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1. You don't know what actually ‘‘causes” anything, and you probably never will. The sole product of prediction is reliably precise and accurate calculation or derivation of values at some future point in time. “Causality” is a worthy, long-term goal which may not need to be established before improvements are made, and actually bias predictions toward current dogma. We don’t know the exact cause of Migraine Headaches, and yet we already have remedies to provide relief.
2. Prediction is always a probabilistic assertion that behavior, as measured, will equal reality as perceived. It is never certainty and only approaches reality in large numbers and with homogeneous measurement.
3. The first, middle, and last focus of any task is exhaustive understanding of the question you are trying to answer. Fascination with our own technology and methodology often clouds the focus of task. You are ineffective if you provide the right answer to the wrong question, no matter how pretty the answer is.
4. Predictive analytics must be an unbiased perspective, not an exercise to validate existing hypotheses...that is statistics. While it is always critical to understand the subject matter under study, predictive analytics is its own disciple, which when employed correctly, provides data with a seat at the decision table and thereby true information value.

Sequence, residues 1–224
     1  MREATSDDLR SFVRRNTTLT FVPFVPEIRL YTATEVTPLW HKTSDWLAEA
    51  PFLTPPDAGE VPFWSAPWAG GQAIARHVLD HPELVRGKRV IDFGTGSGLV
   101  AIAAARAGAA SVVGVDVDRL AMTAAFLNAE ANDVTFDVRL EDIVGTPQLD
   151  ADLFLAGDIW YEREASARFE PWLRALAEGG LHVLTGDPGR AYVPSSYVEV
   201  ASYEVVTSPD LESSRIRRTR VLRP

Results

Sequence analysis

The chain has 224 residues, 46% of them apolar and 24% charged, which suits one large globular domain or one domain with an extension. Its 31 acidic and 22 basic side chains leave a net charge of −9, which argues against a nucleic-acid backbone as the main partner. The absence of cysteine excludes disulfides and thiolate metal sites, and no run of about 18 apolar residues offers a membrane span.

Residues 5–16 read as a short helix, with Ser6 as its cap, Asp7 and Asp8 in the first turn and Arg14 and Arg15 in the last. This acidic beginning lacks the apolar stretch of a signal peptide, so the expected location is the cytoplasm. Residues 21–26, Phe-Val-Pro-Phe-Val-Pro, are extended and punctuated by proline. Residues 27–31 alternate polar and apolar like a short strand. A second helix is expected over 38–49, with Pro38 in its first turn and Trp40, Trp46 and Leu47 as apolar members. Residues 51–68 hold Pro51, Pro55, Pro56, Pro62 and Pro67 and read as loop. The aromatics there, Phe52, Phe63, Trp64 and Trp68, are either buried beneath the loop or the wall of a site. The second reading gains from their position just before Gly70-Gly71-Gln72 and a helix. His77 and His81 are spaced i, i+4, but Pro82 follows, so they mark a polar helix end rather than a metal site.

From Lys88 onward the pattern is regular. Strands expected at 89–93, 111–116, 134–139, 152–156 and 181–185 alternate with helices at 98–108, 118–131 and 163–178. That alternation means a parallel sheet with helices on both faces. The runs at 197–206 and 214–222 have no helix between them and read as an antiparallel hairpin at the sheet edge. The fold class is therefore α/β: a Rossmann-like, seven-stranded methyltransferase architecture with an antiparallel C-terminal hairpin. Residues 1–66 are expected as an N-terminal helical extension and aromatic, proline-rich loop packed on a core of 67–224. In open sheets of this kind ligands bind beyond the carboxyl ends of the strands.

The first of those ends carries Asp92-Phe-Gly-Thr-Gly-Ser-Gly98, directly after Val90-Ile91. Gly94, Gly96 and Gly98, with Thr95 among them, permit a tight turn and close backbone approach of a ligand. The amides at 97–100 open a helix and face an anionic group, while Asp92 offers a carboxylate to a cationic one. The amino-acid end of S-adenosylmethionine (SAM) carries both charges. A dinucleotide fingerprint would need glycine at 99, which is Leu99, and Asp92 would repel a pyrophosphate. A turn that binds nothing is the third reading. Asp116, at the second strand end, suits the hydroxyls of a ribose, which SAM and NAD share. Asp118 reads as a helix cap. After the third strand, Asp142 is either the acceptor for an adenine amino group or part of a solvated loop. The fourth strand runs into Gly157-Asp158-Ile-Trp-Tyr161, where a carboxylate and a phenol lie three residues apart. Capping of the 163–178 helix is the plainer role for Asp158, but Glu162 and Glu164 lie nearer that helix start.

5. All slop cancels. Collect and treat rigorously, especially that which you cannot measure precisely. Don’t avoid data sources that are quantifiable but intangible. Just because a source is fuzzy, don’t treat it as a lesser potential predictor. Truly innocuous data with no actual prediction value will fail to predict reliably anyway; vital fuzzy data may overcome the noise to predict reliably.
6. Static models are useful for showing what happened. To predict, models must constantly adapt as environments change. Information value erodes rapidly and erratically. Life doesn’t wait for formulas to be tweaked, tested, and tweaked, because most of life, business, and their systems are dynamic. Real-world Predictive Analytics should not be measured by accuracy alone, but rather speed of adaptation to environmental change.